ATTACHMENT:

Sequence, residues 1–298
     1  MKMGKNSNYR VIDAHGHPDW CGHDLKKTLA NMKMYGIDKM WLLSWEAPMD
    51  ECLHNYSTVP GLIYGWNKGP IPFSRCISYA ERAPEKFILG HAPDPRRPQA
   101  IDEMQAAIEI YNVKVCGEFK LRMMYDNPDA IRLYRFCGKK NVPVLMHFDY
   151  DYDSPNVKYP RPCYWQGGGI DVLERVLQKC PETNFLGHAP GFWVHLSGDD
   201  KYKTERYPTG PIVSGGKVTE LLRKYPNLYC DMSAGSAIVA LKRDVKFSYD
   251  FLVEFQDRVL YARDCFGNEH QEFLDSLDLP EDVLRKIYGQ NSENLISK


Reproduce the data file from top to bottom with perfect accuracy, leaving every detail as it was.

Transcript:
Sequence, residues 1–298
     1  MKMGKNSNYR VIDAHGHPDW CGHDLKKTLA NMKMYGIDKM WLLSWEAPMD
    51  ECLHNYSTVP GLIYGWNKGP IPFSRCISYA ERAPEKFILG HAPDPRRPQA
   101  IDEMQAAIEI YNVKVCGEFK LRMMYDNPDA IRLYRFCGKK NVPVLMHFDY
   151  DYDSPNVKYP RPCYWQGGGI DVLERVLQKC PETNFLGHAP GFWVHLSGDD
   201  KYKTERYPTG PIVSGGKVTE LLRKYPNLYC DMSAGSAIVA LKRDVKFSYD
   251  FLVEFQDRVL YARDCFGNEH QEFLDSLDLP EDVLRKIYGQ NSENLISK